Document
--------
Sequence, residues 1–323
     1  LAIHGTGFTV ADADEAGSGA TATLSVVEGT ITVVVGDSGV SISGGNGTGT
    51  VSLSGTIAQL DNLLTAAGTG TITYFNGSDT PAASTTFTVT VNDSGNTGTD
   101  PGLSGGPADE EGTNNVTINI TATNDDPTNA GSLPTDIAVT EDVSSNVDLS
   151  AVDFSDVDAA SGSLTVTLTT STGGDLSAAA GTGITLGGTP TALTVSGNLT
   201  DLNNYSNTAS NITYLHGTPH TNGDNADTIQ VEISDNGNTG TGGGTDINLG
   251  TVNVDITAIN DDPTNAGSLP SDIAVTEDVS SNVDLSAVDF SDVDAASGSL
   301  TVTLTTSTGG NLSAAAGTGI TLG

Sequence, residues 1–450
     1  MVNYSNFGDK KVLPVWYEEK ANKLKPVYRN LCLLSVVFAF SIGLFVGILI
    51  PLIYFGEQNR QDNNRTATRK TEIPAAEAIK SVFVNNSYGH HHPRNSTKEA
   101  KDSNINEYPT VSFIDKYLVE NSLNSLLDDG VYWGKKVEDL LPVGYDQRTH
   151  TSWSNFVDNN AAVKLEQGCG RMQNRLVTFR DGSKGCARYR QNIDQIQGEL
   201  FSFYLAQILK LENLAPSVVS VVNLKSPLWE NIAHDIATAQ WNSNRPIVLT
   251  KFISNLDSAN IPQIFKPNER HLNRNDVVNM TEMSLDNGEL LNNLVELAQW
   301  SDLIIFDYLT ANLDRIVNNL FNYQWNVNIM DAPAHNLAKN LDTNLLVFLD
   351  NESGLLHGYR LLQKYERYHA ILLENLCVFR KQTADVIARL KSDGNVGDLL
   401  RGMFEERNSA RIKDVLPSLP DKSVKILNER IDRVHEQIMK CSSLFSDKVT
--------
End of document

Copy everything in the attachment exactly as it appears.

Sequence, residues 1–323
     1  LAIHGTGFTV ADADEAGSGA TATLSVVEGT ITVVVGDSGV SISGGNGTGT
    51  VSLSGTIAQL DNLLTAAGTG TITYFNGSDT PAASTTFTVT VNDSGNTGTD
   101  PGLSGGPADE EGTNNVTINI TATNDDPTNA GSLPTDIAVT EDVSSNVDLS
   151  AVDFSDVDAA SGSLTVTLTT STGGDLSAAA GTGITLGGTP TALTVSGNLT
   201  DLNNYSNTAS NITYLHGTPH TNGDNADTIQ VEISDNGNTG TGGGTDINLG
   251  TVNVDITAIN DDPTNAGSLP SDIAVTEDVS SNVDLSAVDF SDVDAASGSL
   301  TVTLTTSTGG NLSAAAGTGI TLG

Sequence, residues 1–450
     1  MVNYSNFGDK KVLPVWYEEK ANKLKPVYRN LCLLSVVFAF SIGLFVGILI
    51  PLIYFGEQNR QDNNRTATRK TEIPAAEAIK SVFVNNSYGH HHPRNSTKEA
   101  KDSNINEYPT VSFIDKYLVE NSLNSLLDDG VYWGKKVEDL LPVGYDQRTH
   151  TSWSNFVDNN AAVKLEQGCG RMQNRLVTFR DGSKGCARYR QNIDQIQGEL
   201  FSFYLAQILK LENLAPSVVS VVNLKSPLWE NIAHDIATAQ WNSNRPIVLT
   251  KFISNLDSAN IPQIFKPNER HLNRNDVVNM TEMSLDNGEL LNNLVELAQW
   301  SDLIIFDYLT ANLDRIVNNL FNYQWNVNIM DAPAHNLAKN LDTNLLVFLD
   351  NESGLLHGYR LLQKYERYHA ILLENLCVFR KQTADVIARL KSDGNVGDLL
   401  RGMFEERNSA RIKDVLPSLP DKSVKILNER IDRVHEQIMK CSSLFSDKVT